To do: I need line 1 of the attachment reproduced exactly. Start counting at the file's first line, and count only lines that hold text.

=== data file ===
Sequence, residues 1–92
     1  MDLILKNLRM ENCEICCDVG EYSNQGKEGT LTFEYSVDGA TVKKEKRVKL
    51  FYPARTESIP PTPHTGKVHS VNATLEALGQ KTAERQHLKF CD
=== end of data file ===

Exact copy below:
Sequence, residues 1–92